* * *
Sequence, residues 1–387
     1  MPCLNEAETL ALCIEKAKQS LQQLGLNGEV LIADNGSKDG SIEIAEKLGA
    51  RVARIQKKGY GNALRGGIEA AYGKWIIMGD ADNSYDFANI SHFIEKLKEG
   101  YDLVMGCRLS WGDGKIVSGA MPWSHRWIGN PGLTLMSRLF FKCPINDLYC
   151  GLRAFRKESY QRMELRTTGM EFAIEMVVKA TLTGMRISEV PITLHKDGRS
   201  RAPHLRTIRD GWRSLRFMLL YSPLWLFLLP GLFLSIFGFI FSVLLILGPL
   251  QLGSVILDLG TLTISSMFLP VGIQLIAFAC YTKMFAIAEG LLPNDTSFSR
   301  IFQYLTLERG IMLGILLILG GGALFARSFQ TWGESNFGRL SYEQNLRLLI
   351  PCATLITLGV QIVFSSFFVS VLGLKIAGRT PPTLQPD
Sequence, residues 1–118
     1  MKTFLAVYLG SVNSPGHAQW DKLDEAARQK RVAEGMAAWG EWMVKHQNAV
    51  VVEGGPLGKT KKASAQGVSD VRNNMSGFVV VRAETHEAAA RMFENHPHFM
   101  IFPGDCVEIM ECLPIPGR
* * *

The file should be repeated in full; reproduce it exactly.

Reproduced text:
Sequence, residues 1–387
     1  MPCLNEAETL ALCIEKAKQS LQQLGLNGEV LIADNGSKDG SIEIAEKLGA
    51  RVARIQKKGY GNALRGGIEA AYGKWIIMGD ADNSYDFANI SHFIEKLKEG
   101  YDLVMGCRLS WGDGKIVSGA MPWSHRWIGN PGLTLMSRLF FKCPINDLYC
   151  GLRAFRKESY QRMELRTTGM EFAIEMVVKA TLTGMRISEV PITLHKDGRS
   201  RAPHLRTIRD GWRSLRFMLL YSPLWLFLLP GLFLSIFGFI FSVLLILGPL
   251  QLGSVILDLG TLTISSMFLP VGIQLIAFAC YTKMFAIAEG LLPNDTSFSR
   301  IFQYLTLERG IMLGILLILG GGALFARSFQ TWGESNFGRL SYEQNLRLLI
   351  PCATLITLGV QIVFSSFFVS VLGLKIAGRT PPTLQPD
Sequence, residues 1–118
     1  MKTFLAVYLG SVNSPGHAQW DKLDEAARQK RVAEGMAAWG EWMVKHQNAV
    51  VVEGGPLGKT KKASAQGVSD VRNNMSGFVV VRAETHEAAA RMFENHPHFM
   101  IFPGDCVEIM ECLPIPGR